Sir Thomas More on War (Excerpt)
War or battle as a thing very beastly, and yet to no kind of beasts in so much use as to man, they [the Utopians] do detest and abhor. And contrary to the custom almost of all other nations, they count nothing so much against glory, as glory gotten in war. And therefore though they do daily practise and exercise themselves in the discipline of war, and not only the men, but also the women upon certain appointed days, lest they should be to seek in the feat of arms, if need should require, yet they never go to battle, but either in the defence of their own country, or to drive out of their friend's land the enemies that have invaded it, or by their power to deliver from the yoke of bondage of tyranny same people, that be therewith oppressed. Which thing they do of mere pity and compassion. Howbeit they send help to their friends; not ever in their defence, but sometimes also to requite and revenge injureis before to them done. But this they do not unless their counsel and advice in the matter be asked, whiles it is yet new and fresh.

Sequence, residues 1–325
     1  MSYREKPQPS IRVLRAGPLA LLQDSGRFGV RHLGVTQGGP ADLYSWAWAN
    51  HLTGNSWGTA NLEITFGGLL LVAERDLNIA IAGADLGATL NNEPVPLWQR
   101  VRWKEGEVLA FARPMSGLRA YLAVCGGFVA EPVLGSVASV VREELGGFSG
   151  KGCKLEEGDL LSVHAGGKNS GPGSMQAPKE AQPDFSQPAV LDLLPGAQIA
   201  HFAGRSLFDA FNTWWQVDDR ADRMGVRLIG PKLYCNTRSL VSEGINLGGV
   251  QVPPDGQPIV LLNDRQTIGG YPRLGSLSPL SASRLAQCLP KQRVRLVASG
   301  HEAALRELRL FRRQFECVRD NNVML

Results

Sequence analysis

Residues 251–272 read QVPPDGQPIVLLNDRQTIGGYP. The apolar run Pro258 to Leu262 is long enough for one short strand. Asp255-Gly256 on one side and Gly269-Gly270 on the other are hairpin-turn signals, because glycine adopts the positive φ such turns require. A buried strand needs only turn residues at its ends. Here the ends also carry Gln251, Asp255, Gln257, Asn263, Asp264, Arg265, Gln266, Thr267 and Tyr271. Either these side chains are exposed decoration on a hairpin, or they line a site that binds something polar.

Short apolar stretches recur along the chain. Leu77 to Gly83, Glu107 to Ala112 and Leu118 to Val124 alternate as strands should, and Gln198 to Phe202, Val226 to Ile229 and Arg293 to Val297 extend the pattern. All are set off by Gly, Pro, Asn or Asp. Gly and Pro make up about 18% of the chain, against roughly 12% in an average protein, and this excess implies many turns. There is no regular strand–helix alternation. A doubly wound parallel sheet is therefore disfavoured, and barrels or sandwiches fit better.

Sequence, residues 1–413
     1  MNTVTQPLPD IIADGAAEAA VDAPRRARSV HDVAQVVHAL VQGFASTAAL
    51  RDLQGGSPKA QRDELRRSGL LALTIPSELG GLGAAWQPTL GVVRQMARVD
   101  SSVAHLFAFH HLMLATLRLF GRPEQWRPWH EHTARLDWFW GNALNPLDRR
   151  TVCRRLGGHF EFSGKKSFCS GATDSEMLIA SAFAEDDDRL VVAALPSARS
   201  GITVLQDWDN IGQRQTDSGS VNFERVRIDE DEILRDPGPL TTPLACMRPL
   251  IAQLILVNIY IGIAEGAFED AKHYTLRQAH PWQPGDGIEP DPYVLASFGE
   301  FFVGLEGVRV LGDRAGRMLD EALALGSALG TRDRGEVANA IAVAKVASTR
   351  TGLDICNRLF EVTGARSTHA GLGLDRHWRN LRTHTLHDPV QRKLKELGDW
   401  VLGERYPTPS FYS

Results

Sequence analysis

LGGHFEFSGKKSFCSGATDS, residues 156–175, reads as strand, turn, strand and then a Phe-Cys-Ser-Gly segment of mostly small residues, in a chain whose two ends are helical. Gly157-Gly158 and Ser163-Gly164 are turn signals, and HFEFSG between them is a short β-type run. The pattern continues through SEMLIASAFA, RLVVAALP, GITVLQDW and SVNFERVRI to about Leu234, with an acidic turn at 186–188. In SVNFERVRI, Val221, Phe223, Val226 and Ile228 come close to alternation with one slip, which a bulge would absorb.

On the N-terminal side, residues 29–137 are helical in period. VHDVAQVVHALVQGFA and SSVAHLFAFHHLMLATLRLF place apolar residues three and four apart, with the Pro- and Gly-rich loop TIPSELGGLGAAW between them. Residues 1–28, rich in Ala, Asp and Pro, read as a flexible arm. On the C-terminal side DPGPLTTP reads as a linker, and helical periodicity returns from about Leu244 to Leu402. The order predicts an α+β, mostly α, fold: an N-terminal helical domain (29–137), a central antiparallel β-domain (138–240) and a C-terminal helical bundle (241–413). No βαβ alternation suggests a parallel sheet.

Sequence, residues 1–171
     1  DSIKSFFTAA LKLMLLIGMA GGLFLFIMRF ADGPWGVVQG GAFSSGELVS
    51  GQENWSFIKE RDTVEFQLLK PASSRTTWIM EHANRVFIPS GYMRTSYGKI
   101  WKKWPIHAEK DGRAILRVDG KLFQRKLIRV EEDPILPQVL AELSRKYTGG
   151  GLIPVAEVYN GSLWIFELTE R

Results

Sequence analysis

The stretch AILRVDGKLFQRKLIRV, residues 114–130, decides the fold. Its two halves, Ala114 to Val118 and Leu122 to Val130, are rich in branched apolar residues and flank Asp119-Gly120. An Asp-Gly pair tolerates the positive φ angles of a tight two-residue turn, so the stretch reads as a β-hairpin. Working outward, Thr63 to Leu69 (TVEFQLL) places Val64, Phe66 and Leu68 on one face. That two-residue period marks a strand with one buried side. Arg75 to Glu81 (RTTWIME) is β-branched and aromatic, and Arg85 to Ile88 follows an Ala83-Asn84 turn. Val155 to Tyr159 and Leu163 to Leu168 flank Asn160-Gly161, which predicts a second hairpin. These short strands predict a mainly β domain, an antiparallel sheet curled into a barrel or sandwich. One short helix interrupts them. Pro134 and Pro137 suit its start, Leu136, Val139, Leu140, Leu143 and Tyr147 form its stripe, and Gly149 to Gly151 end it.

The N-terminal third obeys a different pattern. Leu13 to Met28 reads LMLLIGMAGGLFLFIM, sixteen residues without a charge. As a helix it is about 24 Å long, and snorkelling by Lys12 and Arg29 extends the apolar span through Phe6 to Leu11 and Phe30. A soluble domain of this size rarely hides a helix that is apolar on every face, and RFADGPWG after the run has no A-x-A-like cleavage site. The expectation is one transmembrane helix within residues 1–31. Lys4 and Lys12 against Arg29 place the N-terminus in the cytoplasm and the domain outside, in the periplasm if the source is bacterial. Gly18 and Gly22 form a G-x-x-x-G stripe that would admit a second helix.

From Utopia, by Sir Thomas More, edited by Maurice Adams.
RESOURCE: World Civilizations
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